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Big Michael McCarron could be Canadiens' dream centre of the future @NHL

When the Montreal Canadiens took Michael McCarron in the first round of the 2013 draft, the six-foot-five 230-pound winger had the size the organization was looking for.

Then in his first season with the Ontario Hockey League's London Knights, coach Dale Hunter tried McCarron at centre.

"There was not that much room on the right side in my first year in the OHL and he put me at centre," McCarron recalled. "I think the first game I went 10-0 on faceoffs and he goes, 'You're not going back to wing, Big Mac.'"

McCarron has switched back and forth between centre and right wing since, but he has grown accustomed to the middle of the ice and the responsibilities that come with the position. During this past weekend's rookie tournament in London, Sylvain Lefebvre couldn't tell that McCarron had only been playing centre for a few years.

"He looks very comfortable to me," said Lefebvre, who is expected to coach McCarron this season with the American Hockey League's St. John's IceCaps. "So much that I used him in different situations: key faceoffs in our zone, the penalty kill. To me, he looks like a centreman."

The Canadiens will try Alex Galchenyuk at centre this season but in the not-too-distant future they could use another big, strong player there, especially if they let Tomas Plekanec leave in free agency next summer.

The 20-year-old insists he doesn't want to look that far ahead, focusing on the productive summer he had and what he hopes to show in his first professional season.

"Obviously I want to play in the NHL," McCarron said in a recent interview. "That's my goal. I want to be ready when I get to the NHL. It's my first year of pro hockey. We'll see where it takes me. I'm super excited. I came into the year prepared. We'll see where it takes me."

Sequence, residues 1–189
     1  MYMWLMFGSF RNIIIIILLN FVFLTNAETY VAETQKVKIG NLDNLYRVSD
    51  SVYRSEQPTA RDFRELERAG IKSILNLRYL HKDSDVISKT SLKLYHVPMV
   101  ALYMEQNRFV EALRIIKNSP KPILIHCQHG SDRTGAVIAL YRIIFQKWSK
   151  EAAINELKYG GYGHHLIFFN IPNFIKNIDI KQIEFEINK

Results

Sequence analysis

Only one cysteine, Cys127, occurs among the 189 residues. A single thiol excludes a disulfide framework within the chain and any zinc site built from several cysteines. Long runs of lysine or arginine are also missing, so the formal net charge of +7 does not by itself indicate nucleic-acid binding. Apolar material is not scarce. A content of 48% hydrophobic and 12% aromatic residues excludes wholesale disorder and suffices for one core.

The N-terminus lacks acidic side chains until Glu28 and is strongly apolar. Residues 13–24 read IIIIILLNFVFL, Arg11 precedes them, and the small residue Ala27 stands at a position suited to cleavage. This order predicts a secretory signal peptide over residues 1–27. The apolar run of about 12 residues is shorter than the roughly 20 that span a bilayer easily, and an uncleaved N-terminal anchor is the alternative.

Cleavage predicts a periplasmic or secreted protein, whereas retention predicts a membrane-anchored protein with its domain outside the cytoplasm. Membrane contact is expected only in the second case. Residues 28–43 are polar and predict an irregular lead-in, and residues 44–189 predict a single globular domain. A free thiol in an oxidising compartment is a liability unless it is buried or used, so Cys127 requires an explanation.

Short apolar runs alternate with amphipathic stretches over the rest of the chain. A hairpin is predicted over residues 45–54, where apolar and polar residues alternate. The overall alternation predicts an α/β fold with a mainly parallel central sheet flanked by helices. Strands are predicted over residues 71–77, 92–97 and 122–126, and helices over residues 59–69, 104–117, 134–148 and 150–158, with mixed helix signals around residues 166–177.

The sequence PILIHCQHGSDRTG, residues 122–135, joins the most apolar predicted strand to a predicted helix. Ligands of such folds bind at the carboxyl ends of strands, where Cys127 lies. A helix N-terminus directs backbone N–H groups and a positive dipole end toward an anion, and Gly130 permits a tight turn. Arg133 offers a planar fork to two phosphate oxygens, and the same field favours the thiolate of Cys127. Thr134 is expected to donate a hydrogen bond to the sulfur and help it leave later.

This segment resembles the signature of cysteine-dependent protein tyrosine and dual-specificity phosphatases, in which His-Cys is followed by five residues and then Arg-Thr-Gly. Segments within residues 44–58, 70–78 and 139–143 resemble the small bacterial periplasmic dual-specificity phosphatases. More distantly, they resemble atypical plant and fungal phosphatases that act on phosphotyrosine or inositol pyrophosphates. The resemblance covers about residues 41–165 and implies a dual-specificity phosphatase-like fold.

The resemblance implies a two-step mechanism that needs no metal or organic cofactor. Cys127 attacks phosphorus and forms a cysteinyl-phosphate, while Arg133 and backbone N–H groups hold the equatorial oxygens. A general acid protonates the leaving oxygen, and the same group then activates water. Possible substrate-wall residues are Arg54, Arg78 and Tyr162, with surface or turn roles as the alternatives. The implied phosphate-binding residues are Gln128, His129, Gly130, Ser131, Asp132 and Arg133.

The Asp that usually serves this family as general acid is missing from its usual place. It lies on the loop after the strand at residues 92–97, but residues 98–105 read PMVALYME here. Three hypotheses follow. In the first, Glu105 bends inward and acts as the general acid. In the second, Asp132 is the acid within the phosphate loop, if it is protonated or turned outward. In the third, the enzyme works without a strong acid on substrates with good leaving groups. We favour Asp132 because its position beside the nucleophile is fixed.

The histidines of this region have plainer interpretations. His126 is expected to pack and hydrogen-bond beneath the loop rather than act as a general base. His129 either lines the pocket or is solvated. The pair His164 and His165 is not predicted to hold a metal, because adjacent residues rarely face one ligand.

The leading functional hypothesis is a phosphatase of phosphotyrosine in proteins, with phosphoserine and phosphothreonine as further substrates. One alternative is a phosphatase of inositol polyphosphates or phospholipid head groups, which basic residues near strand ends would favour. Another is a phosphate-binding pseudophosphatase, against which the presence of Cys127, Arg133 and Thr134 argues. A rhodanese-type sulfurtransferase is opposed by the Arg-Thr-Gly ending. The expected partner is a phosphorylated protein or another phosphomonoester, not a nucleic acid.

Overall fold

McCarron hopes his versatility takes him to the NHL one day. If the Galchenyuk experiment works out and Lars Eller shows more at centre, maybe McCarron will be the bruising right-winger he was projected to be when he was the 25th pick in 2013.

"Wherever they need me, I'll play," McCarron said. "I like playing two positions. It gives me a better opportunity to make an opportunity for myself."

McCarron would be far more valuable at centre, especially after honing his faceoff game with the Oshawa Generals on the way to a MasterCard Memorial Cup championship. He credits coach D.J. Smith, who's now an assistant on Mike Babcock's staff with the Toronto Maple Leafs, with helping him learn to play below the puck and improving on draws.

"Smith really showed me a lot of video on a lot of good NHL guys, showed me what to do in the defensive zone," McCarron said. "That was probably the toughest part was learning how to play defence."

McCarron was shown video of Chicago Blackhawks captain Jonathan Toews and Tampa Bay Lightning centre Brian Boyle. If he can turn into something between those players in the NHL, the Canadiens would be thrilled.

"Toews is one of the best defensive centres in the league. Can't go wrong with watching that guy play hockey," McCarron said. "(With Boyle) try to show a bit of a big guy and how he takes draws and how he makes a couple million bucks taking draws."


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